• Use plain language instead of visualization-specific language (e.g., shade vs. gradient) to enhance accessibility. Avoid decorating data (e.g., only 10%, very large gap) to maintain objectivity.

Since some screen readers do not fully support the desc tag of an svg element (equivalent to the alt attribute of an img element), we recommend designers to consider creating a dummy image element below the visualization to add an alt text in the alt attribute.

6.2 Design implication beyond simple alt texts

Given the apparent limitation of textual descriptions, designers could combine other modalities to complement visualization alt text. We envision a scenario where the alt text describes the visualization components first and sonified data trends are played afterward. As P22 shared, “[First explain the visualization components] then you could play an audio version of the graph. Like, as the daily doses would spike, the sound would go up and down in pitch.” Another scenario considers linking the screen reader system with a haptic display to provide tactile feedback when a reader encounters visualizations online. As P5 noted, “Having a way to convert these visualizations into tactile options such as braille along with the audio of the alternative text would help enhance our form of understanding and learning.”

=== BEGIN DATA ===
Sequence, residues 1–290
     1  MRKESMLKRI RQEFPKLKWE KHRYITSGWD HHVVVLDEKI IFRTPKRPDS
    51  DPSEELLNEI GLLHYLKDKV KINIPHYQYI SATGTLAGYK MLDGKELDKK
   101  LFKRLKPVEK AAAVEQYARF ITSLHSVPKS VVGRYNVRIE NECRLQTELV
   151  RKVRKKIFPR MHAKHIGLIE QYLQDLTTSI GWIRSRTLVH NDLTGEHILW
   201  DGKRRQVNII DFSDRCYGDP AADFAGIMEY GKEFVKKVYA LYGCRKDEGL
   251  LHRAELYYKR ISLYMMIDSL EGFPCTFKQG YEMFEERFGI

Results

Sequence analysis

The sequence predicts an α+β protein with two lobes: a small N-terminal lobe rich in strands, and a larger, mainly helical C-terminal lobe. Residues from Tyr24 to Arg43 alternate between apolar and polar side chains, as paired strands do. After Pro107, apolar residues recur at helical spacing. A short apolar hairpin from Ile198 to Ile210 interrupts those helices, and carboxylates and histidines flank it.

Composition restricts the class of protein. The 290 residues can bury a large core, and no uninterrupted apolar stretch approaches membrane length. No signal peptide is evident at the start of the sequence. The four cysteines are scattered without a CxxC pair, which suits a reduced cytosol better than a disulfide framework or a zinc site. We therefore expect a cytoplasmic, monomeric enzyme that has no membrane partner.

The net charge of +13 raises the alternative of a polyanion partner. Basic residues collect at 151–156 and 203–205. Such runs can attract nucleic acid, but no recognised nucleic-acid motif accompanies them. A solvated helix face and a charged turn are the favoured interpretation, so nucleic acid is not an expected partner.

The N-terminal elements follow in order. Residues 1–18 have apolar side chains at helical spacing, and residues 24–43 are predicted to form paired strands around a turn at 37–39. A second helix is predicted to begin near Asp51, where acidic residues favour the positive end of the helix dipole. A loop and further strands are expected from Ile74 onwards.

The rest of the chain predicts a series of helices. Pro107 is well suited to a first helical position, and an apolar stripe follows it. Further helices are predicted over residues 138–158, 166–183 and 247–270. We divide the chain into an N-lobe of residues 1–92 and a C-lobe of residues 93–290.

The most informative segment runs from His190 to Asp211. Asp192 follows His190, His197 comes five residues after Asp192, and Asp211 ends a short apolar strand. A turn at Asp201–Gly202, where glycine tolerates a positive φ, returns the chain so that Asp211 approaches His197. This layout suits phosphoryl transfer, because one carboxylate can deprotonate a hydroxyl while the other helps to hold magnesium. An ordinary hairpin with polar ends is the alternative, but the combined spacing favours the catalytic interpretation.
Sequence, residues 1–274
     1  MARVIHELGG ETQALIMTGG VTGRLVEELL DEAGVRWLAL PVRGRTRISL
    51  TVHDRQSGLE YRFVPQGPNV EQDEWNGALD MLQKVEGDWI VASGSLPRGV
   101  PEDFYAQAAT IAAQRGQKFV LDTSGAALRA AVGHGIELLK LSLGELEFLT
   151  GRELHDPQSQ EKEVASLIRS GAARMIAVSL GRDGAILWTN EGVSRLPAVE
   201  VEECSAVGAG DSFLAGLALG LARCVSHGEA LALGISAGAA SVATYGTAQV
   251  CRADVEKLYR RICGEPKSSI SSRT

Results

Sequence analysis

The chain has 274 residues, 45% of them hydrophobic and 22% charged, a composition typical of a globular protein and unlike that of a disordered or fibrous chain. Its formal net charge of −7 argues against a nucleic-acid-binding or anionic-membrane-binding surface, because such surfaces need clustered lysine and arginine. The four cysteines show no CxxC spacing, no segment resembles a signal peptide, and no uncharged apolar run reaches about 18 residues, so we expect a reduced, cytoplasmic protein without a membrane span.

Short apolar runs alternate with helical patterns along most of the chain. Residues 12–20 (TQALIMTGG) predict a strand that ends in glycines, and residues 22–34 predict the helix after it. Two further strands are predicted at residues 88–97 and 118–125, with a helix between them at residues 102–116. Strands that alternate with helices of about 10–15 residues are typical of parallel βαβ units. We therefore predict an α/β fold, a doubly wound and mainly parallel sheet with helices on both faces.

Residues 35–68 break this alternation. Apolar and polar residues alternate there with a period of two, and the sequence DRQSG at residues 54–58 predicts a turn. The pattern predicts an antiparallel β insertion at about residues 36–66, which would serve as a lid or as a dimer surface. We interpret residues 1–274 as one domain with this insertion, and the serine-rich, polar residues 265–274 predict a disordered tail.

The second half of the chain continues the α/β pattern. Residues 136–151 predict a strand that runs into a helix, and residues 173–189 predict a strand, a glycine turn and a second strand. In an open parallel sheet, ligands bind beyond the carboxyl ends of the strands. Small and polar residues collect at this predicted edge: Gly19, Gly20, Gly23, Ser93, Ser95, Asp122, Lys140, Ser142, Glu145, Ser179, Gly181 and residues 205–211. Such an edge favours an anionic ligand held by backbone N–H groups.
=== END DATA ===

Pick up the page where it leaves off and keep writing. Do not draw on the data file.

Visual retrieval operations, which sighted people can perform with visualizations, are not fully enabled for people with visual impairments. For example, readers may want to obtain information from their own state while looking at a choropleth representing the hunger rate or may wish to compare the doses administrated between two dates. We observed that people with visual impairments achieved this goal by examining the data table. However, locating the values of interest by navigating a table element takes a long time and imposes a cognitive burden. Dynamically personalizing the alt text or the table contents (e.g., stating data for the readers state, city, or zip code based on their IP address) can partially lower their burden of locating a specific value. Accurate Q&A modules (e.g., [44]) with natural language query capabilities (e.g., [56]) would drastically reduce the burden of retrieving information from visualizations by allowing people with visual impairments to pose the question they want to answer.